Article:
- Date of Incident
- September 18, 2018
- St. Martin Parish, Louisiana
- Karen Savage (The Appeal)
- Case number
- Case Status
- Type of case
- Arrest Status
- Arrested and released
- Arresting Authority
- St. Martin Parish Sheriff's Office
Trespassing: unauthorized entry of a critical infrastructure project
- Sep. 18, 2018: Charges pending
- Jul. 13, 2021: Charges dropped
- Trespassing: unauthorized entry of a critical infrastructure project
- Unnecessary use of force?
Charges dropped against investigative journalist who sued following arrests in Louisiana
On July 13, 2021, Louisiana District Attorney Bofill “Bo” Duhé dropped the charges against freelance investigative journalist Karen Savage following her 2018 arrests while reporting on protests against the construction of the Bayou Bridge oil pipeline in St. Martin Parish, the Louisiana Illuminator reported.
Savage was arrested for trespassing first on Aug. 18, 2018, and then again exactly one month later on Sept. 18, under the then-newly enacted state law against “unauthorized entry of a critical infrastructure project,” along with many others.
According to a lawsuit filed on behalf of Savage and a dozen others in May 2019, Savage was charged with two felonies under the law and faced a combined 10 years imprisonment and heavy fines. In an article for DeSmog, Savage wrote that Louisiana prosecutors had four years to decide whether to pursue the charges against her.
“Finally, after what seemed like an eternity, a Louisiana district attorney confirmed in July  that he will not prosecute me or the nearly two dozen pipeline opponents, known as ‘water protectors,’ who were also arrested,” Savage wrote.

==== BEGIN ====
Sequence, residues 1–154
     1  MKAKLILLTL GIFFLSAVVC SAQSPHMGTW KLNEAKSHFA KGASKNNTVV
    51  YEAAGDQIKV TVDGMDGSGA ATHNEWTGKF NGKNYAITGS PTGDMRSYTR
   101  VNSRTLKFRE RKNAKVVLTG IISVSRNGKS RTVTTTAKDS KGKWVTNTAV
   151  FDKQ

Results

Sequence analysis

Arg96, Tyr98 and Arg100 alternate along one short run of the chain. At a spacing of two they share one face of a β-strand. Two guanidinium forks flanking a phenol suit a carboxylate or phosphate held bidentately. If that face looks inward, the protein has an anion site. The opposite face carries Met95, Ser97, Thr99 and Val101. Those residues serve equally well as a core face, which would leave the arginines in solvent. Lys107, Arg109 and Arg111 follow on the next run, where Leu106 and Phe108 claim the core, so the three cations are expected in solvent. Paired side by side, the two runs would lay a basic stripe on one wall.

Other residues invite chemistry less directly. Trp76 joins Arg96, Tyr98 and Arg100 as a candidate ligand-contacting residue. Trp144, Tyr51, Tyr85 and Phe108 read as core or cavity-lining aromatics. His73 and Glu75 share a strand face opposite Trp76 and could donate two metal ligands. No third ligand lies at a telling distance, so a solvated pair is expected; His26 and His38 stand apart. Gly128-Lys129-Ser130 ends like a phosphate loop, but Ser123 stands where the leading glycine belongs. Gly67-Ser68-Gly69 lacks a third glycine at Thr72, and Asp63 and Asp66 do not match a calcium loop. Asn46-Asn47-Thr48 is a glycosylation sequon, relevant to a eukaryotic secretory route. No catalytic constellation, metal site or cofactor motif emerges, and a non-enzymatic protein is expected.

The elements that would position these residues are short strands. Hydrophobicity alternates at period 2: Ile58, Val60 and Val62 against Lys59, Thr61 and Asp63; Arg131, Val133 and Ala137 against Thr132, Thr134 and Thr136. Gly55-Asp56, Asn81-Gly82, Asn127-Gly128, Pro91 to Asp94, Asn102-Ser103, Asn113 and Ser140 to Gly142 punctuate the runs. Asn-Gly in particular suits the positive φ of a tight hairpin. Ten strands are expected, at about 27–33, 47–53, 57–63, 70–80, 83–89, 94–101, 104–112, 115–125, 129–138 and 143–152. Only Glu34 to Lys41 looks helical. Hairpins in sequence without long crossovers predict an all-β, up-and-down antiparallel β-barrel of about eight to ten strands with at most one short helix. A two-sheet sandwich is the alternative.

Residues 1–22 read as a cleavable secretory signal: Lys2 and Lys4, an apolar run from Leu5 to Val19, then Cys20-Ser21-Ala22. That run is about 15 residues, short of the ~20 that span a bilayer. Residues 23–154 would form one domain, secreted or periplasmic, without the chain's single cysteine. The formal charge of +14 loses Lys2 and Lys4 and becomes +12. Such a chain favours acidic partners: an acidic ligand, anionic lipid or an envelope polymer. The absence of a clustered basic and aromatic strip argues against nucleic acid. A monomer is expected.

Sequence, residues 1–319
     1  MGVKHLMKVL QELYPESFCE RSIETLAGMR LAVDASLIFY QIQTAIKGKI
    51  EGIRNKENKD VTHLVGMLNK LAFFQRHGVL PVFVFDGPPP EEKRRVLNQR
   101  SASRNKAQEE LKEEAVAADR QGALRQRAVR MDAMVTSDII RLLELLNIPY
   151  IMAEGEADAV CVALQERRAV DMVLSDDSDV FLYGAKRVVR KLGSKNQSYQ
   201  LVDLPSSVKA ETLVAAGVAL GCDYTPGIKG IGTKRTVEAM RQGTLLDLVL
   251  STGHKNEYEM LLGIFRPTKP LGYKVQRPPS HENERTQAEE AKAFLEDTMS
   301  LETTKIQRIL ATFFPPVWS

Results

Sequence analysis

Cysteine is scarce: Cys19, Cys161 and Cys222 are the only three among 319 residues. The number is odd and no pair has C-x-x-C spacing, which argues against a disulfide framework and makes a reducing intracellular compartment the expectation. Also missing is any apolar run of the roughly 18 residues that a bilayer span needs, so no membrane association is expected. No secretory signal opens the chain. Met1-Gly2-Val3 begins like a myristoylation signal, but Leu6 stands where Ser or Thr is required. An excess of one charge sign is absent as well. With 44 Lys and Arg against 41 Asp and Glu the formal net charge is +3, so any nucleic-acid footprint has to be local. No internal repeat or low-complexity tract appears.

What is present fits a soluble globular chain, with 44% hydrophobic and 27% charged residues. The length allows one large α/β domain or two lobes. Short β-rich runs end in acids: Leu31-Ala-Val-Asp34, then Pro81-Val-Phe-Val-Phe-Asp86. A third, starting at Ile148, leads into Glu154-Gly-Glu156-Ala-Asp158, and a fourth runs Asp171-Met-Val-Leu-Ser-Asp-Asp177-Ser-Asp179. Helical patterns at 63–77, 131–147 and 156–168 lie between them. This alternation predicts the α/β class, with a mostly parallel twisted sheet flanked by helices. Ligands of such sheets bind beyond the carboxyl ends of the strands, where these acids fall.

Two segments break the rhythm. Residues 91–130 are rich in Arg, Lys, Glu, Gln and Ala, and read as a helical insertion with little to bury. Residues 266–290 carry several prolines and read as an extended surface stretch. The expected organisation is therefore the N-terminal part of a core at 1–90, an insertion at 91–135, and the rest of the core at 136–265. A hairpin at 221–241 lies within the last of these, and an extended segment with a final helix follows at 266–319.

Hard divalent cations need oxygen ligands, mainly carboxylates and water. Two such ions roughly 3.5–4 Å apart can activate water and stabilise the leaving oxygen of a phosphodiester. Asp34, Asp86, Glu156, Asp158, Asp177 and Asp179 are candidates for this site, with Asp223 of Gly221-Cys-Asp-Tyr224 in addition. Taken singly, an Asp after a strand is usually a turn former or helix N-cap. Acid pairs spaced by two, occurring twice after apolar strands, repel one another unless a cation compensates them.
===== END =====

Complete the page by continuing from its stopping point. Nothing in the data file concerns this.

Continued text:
“I do know the felony charges against me — and fear of what would happen if I was arrested while on bail for two felonies — prevented me from covering some of the most important events of the past three years, including protests after the police murder of George Floyd,” Savage wrote. “Election night I stayed home. I watched the January 6 insurrection on TV.”
In May 2021, District Judge Robert Summerhays granted District Attorney Duhé, Attorney General Jeff Landry and St. Martin Parish Sheriff Ronald Theriot’s motion to dismiss the claims brought by the landowners and organization plaintiffs in Savage’s lawsuit, but allowed Savage’s claims to move forward.
The case was transferred to the Western District of Louisiana and a trial is tentatively scheduled for August 2022.
On Sept. 18, 2018, freelance investigative reporter Karen Savage was arrested and charged with trespassing, while reporting on protests against the construction of the Bayou Bridge oil pipeline in Louisiana.
Savage was embedded with a camp of protesters, known as water protectors, who were aiming to defend a piece of land in Louisiana’s Atchafalaya River Basin, a wetlands area co-owned by hundreds of people.
Energy Transfer Partners, the company responsible for the controversial Dakota Access Pipeline in North Dakota, is trying to build its new Bayou Bridge oil pipeline through the area. Although some of the co-owners of the Atchafalaya River Basin property have given the company permission to build the pipeline, hundreds of others have refused to do so. Despite this, the company had already begun making alterations to the land, including removing trees and digging a ditch. It has also asked the state of Louisiana to use eminent domain to seize the land from the co-owners who object to the pipeline.